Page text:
"Hummingbird fans, take heed! There may be a bit of fuzz to this band's sound, but Tara Simpson's lead vocals and the band's penchant for jangly guitars begs comparison to the 80s band from down under. "Who You're With" is a chiming track that will compete for "Song Of The Month" honors this month. "She's Gone Away," "Summer's Been And Gone" and "Botanic Gardens" aren't too far behind." - Eric Sorensen (Fufkin)
"The first thing you should do if you ever come across this album is to skip directly to the fifth song and wait for three minutes and three seconds. By the end of that period of time two things should have happened: one, you should have fallen in love with Language of Flowers; two, you should have a pretty clear idea of what 'Songs about you' is about.

"Getting over you was the hardest thing I ever had to do" sings Tara Simpson at the beggining of said song ('Who you're with), just so that you can tell straight away: this is the sort of record where a girl sings about boys and broken hearts. And if that description brings back memories of Amelia Fletcher (or Amanda Andervall or Mary Wyer) that make your eyes moist with tears and your heart beat faster, and you somehow happen not to own a copy of 'Songs about you', do yourself a favour: stop reading now and go out and buy it. This will make 2004 for a better year for you.

If, however, you are too young or too cool or too silly, or just too something for this sort of thing to happen to you, you may keep reading, though you have been warned: I will try to convince you to do the same thing in the long run anyway. Because a certain Heavenly-charm isn't the only thing there is to Language of Flowers: there are bouncy songs and catchy lyrics and cool guitars reminiscent of a time when both me and the band were too young. There are words about grey skies (or maybe just the feeling about them) and things to dream of and about things you love and things you lost, and about those things that are yet to be loved (and won or lost.) And there's a certain style too: a half-innocent, half-cool way of being in a band, a way of saying "this is who we are, we sort of hope you like it."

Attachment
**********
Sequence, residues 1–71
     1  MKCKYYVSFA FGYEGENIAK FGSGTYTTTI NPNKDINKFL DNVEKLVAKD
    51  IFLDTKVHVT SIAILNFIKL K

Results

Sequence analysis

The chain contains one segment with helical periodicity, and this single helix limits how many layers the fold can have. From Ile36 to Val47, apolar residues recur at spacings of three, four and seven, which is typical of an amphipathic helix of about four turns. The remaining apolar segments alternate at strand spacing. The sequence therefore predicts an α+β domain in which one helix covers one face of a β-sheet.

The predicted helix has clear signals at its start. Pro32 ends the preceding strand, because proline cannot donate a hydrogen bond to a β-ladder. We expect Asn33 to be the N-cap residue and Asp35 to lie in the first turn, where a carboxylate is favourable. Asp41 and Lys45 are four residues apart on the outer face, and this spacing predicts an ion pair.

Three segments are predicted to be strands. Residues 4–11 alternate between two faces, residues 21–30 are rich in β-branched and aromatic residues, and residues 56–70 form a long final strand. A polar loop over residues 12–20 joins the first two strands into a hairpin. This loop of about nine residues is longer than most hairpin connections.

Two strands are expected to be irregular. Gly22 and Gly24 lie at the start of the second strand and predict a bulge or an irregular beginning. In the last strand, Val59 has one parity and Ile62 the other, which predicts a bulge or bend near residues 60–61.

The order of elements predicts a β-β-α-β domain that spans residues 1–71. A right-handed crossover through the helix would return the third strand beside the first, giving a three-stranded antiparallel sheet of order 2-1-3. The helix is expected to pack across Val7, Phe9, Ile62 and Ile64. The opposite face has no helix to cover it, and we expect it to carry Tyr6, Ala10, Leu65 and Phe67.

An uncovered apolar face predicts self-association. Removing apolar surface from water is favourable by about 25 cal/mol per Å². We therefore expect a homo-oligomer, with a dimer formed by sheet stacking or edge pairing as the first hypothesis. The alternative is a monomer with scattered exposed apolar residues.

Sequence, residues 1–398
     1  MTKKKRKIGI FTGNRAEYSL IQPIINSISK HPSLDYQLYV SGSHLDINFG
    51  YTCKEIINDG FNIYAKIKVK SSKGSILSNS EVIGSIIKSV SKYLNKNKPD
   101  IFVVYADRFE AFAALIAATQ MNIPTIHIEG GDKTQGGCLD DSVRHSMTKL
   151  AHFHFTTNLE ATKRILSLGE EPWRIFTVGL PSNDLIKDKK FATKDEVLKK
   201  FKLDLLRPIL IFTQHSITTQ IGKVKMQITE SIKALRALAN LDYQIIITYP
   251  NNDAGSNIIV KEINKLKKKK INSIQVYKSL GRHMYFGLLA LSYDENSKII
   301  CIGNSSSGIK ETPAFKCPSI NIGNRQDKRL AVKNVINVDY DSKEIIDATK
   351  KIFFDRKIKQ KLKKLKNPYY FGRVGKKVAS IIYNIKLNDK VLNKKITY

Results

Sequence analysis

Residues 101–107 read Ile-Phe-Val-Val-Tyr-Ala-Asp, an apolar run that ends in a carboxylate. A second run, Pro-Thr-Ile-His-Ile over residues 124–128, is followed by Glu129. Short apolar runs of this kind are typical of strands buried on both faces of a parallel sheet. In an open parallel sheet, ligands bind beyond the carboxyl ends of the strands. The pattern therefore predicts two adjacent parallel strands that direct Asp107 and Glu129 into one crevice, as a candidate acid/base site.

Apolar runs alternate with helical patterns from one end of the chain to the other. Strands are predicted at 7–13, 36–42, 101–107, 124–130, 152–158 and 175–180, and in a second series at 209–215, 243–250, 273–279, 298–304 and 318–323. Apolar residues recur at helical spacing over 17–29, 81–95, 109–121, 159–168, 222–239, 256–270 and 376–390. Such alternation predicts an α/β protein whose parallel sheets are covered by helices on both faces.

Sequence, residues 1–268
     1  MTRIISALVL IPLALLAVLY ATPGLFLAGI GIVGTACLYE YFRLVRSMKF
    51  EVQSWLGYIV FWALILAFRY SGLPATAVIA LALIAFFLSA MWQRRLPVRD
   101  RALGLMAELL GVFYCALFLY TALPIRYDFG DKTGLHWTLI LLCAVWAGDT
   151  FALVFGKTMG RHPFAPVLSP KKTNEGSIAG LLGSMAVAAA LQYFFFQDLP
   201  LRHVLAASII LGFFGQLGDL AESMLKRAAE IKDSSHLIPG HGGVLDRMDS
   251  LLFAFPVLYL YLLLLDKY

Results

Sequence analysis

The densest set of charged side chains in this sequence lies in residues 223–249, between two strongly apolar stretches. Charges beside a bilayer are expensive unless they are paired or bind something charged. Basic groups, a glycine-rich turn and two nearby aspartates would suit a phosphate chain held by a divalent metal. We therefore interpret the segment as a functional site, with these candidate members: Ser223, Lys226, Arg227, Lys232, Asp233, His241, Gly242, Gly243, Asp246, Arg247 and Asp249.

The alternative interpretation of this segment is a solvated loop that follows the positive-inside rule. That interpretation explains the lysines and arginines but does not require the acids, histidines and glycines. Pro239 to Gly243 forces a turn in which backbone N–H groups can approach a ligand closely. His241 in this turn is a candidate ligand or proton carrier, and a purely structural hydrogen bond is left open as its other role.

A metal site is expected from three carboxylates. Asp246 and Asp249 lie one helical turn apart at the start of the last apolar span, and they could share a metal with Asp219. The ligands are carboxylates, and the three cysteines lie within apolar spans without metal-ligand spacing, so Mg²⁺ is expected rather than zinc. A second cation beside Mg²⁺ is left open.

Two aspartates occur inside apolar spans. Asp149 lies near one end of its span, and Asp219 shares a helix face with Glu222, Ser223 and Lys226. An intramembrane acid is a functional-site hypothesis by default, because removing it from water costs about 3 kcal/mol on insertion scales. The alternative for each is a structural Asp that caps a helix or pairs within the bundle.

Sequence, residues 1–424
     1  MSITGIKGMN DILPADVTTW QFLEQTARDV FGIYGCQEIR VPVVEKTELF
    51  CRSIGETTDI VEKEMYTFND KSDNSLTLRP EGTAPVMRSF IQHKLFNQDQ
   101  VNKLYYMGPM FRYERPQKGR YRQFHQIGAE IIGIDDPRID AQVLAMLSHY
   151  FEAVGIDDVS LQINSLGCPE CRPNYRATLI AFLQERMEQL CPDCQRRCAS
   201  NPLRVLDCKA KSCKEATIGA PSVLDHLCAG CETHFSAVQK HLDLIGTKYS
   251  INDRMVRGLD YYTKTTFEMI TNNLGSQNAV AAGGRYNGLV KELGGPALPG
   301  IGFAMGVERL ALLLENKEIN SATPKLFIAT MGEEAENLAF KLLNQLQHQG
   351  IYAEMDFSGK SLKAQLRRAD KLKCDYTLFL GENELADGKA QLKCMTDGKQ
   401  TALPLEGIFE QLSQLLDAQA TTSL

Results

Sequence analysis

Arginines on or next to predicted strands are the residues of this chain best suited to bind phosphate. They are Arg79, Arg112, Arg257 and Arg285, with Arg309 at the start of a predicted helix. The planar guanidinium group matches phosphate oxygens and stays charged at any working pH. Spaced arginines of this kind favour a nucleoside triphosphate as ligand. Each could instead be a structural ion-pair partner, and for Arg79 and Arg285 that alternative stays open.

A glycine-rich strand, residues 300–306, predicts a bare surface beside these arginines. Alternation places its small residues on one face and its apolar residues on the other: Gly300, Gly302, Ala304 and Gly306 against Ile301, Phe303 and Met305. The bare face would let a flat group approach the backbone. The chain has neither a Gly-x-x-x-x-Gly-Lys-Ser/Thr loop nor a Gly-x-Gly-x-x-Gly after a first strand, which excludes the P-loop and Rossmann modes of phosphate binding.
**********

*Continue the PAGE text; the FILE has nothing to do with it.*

And then there's my favourite thing about Language of Flowers too: a sort of underlying energy, a half-hidden excitment packed in and behind the songs and the way they are played which shows itself only through repeated listening of 'Songs about you.' It makes each listening a little bit better than the previous one (but only a little, so that you can play it again and again); it catches up on you like an echo when you least expect it and has you bouncing and/or singing along to 'If it's not you' or swooning and/or laughing at 'Tara Mascara' ("I'm only waiting on a lover with a catchy surname/ It just takes patience and an ear for what sounds right") when you thought you had hardly noticed them. It's the sort of thing that, coupled with a certain poetic-ness in the way these songs have been concinved and materialised (or with the trumpet in 'Songs about you') can have you sighing and smiling at the same time.

Really, a rightly-placed trumpet can break my heart on any given day, but even so, believe me when I say: 'Songs about you' is something to have and to hold." - Dimitra Daisy (Friends Of The Heroes)
"The debut album is the point where those initial songs honed through gigs are given a chance to make a real lasting impression. On this showing, they've been gigging A LOT as this is just superbly crafted upbeat indie-pop tunage with attention to detail. The production lifts the Smiths-like guitars and the understatedness of lyrics and vocals (like yer Heavenly's and so on) even further skywards. So yeah, this could have come straight outta the mid-80's, but that was a better era than perople give it credit for, and this is a charming take on the spirit of the Sarah hey-day. Cute without being sickly, and uplifting while keeping its own feet on the ground, and all topped off with the preening electro-pop of "Christmas". Don we now our fey apparel." - Skif (Vanity Project)
"Belfast's answer to Belle & Sebastian - The Language Of Flowers might just be one of the biggest hidden gems of the local indie scene. 'Songs About You' is unmitigated indiepop propelled forward by Tara Simpson's sweet and rather naïve vocals, accompanied by Marc McCourt, Colm McCrory and Ashton Cameron's Smiths-style guitar work.

What is great about this album is the references to familiar landmarks around Belfast. 'Summer's Been And Gone' narrates kissing boys on the steps of St Anne's Cathedral, while 'Botanic Gardens' is a luscious and golden pop melody. 'Tara Mascara' is by all accounts the peak of the album - jangly guitars compliment Tara's lyrics beautifully, a slightly darker and excellently produced song makes this a real standout track. Maybe this is the way forward for the band. But 'Christmas' - unlike any other track showcases Language Of Flowers' electronic element. Not too dissimilar to the sound of Ladytron, this atmospheric song showcases the bands versatility well.